A massive amount of investment is required, starting with new processing plants, power stations, and transmission lines. The good news is I can report that Iraq’s new government is ready for proposals. I can also report that based on my most recent conversations with Iraqi leaders, they recognize the need to create the right fiscal and regulatory conditions to attract adequate investment to produce and deliver natural gas to power plants. One option we discussed was a series of fully integrated projects where companies produce, process, and supply natural gas for domestic power and then export surplus volumes. Another option would be dedicating revenues from exports to an electricity infrastructure investment fund.

But the speed and efficiency in which Iraq’s natural gas resources get developed – from producing fields in the north to the major gas capture projects in the south – will to an important degree depend on whether the private sector and the appropriate officials in Iraq can come up with sound business cases that deliver adequate volumes of natural gas for power production and industry while capturing long-term reliable revenues from exports. Of course, this must be done in the right order so that significant and visible progress is made towards meeting Iraq’s domestic priority of increased electricity generation.

One of the best long-term reliable sources of gas export revenues for Iraq is Europe, and we hope that Iraq will play a role in supplying a Southern Gas Corridor. However, this is not as simple as just matching supply with demand. As I said, it requires a sound business model that also helps Iraq to meet domestic demands for gas and does so in a way acceptable to all Iraqis. It will also require close coordination between the governments of Iraq and Turkey, as well as strong diplomatic engagement from the EU.

I’d encourage any company interested in investing in this sector to get in touch with us so that we may discuss how best to present the right business case to our colleagues in the Iraqi government.

One issue I know is on the minds of a lot of companies is security. While it will remain a concern, Iraqis know the importance of providing adequate security for the oil and gas sector, and they are talking steps to ensure people and assets are protected. In 2004, Iraq formed the Oil Police Force with the express mandate of protecting oil infrastructure, IOC operations, and personnel. Iraq plans to provide approximately a battalion sized force to secure each field under development. This is a new program that has not reached maturity, but its capabilities have grown steadily.

The recent attack on the Beyji refinery highlights the challenges Iraq still faces, both from a security standpoint and from an infrastructure and redundancy standpoint. While the Ministry of Oil has plans to improve the operation of existing refineries and build four new ones throughout the country, this attack, which temporarily shut down Iraq’s biggest refinery, only underscores the need for rapid deployment of investment and private sector involvement.

On the civilian side, the United States is committed to long term close cooperation with Iraq. As U.S. forces withdraw, civilians – diplomats, aid workers, advisors and police trainers – are moving into the lead to support Iraq as it strengthens its government, resolves political disputes, and builds ties with the region and the world. We have in Baghdad the largest diplomatic mission in the world – over 4,000 personnel on a 100-plus acre campus – the sole focus of which is to help Iraq transition to a stable democracy with open markets that can maintain its sovereignty and provide for the security and well-being of the Iraqi people.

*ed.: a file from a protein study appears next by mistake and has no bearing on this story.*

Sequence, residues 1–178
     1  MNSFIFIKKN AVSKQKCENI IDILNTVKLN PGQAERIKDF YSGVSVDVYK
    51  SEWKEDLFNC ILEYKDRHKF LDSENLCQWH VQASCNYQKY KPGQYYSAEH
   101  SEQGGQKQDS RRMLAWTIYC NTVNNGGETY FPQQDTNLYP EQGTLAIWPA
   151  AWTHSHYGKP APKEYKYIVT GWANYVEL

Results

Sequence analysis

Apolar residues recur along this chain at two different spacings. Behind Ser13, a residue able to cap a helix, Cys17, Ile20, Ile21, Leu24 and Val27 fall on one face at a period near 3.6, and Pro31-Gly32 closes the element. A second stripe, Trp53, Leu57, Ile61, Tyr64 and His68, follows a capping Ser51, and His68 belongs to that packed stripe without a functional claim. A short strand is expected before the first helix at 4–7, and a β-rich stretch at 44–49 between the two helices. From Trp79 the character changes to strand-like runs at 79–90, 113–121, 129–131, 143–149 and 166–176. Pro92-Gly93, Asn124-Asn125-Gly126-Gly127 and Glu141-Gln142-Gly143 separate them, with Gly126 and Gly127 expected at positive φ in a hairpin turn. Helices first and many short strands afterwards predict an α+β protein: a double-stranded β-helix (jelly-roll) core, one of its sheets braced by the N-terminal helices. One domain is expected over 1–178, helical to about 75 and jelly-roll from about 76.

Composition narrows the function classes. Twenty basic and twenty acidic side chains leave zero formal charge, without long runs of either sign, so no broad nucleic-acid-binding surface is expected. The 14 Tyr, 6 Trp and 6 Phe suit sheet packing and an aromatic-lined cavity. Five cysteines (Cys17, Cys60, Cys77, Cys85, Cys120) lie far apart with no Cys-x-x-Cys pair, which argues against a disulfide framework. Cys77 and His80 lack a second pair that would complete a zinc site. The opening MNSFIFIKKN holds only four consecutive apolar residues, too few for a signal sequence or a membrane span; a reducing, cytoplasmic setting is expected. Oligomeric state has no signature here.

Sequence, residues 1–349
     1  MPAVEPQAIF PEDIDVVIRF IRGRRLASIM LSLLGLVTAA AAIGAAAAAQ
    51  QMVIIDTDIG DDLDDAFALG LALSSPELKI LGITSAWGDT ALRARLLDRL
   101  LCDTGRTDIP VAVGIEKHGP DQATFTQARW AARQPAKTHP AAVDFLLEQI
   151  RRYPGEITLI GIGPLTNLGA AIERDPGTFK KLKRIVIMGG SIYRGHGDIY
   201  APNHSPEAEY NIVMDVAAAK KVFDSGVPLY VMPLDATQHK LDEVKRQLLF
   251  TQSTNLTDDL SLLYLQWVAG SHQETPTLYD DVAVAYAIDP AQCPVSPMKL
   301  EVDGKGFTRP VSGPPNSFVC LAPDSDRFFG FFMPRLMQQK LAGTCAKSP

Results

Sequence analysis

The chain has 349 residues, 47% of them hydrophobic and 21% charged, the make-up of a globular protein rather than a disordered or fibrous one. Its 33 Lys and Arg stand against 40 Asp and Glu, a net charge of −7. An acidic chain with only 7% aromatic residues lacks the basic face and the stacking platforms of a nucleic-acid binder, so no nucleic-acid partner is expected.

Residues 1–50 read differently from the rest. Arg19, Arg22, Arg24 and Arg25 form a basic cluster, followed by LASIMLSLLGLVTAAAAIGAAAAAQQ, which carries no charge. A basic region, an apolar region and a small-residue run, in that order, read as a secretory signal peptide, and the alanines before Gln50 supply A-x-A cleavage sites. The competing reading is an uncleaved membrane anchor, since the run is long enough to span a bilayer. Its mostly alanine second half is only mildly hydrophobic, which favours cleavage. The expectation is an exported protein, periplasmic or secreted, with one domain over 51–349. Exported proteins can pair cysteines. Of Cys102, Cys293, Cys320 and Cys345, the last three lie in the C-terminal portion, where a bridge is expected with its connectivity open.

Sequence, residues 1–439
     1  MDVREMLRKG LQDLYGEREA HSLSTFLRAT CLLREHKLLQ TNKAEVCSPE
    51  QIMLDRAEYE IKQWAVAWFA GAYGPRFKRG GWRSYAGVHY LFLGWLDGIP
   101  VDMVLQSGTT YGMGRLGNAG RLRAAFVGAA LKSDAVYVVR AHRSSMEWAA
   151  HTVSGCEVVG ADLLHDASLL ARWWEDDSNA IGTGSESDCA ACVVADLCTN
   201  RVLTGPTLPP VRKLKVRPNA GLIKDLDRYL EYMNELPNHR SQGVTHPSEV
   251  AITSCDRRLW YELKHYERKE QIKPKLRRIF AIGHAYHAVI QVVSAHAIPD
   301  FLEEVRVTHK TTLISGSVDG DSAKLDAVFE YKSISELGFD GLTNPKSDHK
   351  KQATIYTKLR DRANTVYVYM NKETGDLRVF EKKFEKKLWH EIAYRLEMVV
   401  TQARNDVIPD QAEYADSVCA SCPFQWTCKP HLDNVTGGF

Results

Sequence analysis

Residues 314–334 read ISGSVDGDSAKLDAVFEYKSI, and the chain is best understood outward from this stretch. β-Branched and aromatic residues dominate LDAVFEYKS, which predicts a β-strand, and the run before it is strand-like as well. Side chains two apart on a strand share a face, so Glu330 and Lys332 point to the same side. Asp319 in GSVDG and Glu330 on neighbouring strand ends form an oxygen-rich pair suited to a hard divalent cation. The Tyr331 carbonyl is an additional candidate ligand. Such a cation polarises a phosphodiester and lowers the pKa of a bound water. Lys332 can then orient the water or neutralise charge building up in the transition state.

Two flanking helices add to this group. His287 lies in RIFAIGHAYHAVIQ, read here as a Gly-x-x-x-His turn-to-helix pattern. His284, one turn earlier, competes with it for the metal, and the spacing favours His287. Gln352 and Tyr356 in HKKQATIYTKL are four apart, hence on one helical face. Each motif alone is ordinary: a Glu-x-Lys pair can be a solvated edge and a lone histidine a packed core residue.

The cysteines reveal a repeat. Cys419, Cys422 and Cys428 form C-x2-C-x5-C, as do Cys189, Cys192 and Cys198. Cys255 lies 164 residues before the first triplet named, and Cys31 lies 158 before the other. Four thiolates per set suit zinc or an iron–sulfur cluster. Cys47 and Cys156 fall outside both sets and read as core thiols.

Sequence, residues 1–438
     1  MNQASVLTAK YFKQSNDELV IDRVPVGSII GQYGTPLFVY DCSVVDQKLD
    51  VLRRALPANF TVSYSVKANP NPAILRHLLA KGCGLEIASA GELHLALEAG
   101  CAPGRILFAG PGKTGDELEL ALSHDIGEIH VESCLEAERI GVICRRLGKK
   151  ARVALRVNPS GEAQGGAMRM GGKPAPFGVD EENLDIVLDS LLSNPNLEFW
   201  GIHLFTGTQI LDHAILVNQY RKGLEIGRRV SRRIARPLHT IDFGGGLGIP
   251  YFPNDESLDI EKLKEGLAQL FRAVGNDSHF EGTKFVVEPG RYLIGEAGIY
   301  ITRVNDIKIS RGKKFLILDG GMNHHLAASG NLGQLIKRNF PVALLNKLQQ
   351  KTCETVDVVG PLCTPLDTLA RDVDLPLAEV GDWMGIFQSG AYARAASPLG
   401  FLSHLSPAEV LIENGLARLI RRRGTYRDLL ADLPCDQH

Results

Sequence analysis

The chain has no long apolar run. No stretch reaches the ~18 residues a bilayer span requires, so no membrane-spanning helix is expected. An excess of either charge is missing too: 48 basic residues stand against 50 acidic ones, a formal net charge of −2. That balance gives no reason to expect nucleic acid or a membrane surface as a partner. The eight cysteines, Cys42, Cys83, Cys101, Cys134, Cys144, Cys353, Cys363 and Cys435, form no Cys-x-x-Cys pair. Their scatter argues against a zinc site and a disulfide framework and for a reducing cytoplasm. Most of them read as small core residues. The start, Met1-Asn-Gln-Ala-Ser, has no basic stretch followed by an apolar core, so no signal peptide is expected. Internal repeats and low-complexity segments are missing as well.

We are committed to helping Iraq develop its oil and gas sector in an efficient, sustainable yet expeditious manner so as to provide the resources needed for Iraq’s development goals. Since 2003, the U.S. has contributed roughly $1.7 billion to improve Iraq’s oil and gas sector, and current assistance projects total about $68 million. Multiple agencies – the Department of Commerce’s Commercial Law Development Program, the Departments of Energy and Interior, the U.S. Trade and Development Agency and USAID – are all providing training and technical assistance to the Ministry of Oil.

Our two nations have signed a Strategic Framework Agreement that is a blue-print for deepening our cooperation and exchange across a number of political and economic areas. Under the SFA, as we call it, we have a Joint-Coordinating Committee on Economics and Energy with an Oil and Gas Working Group that meets quarterly to discuss how we can assist Iraq in reaching its goals in the oil and gas sector.

And that cooperation is not limited to improving conditions for American firms. As Ambassador James Jeffrey has made clear, we will work to support the efficient operation of all international oil companies that are active there as part of our continuing close civilian cooperation with Iraq.

To assist, our embassy has established an IOC Support Team to address IOC requests for assistance and information from all companies regardless of their nationality as they seek to enter Iraq. The Support Team gathers information on the challenges and impediments that IOCs are encountering and, through the Strategic Framework Agreement, provide useful feed back to the government of Iraq.

I don’t mean to sound Pollyannaish. There continue to be many issues, from security to capacity building to payment questions and more. But I can tell you that the United States government is committed to working with you and the government of Iraq to support the people of Iraq in overcoming these challenges. And so I encourage those of you in the private sector to seriously consider investing in Iraq’s oil and gas sector and playing a part in helping get Iraq on its feet.

And if you’re ever in either Washington or Baghdad, come by and see us and let us know what your plans are and the challenges and successes you are facing. Who knows, maybe we can help. Thank you.

[This is a mobile copy of Remarks at CERA Week 2011]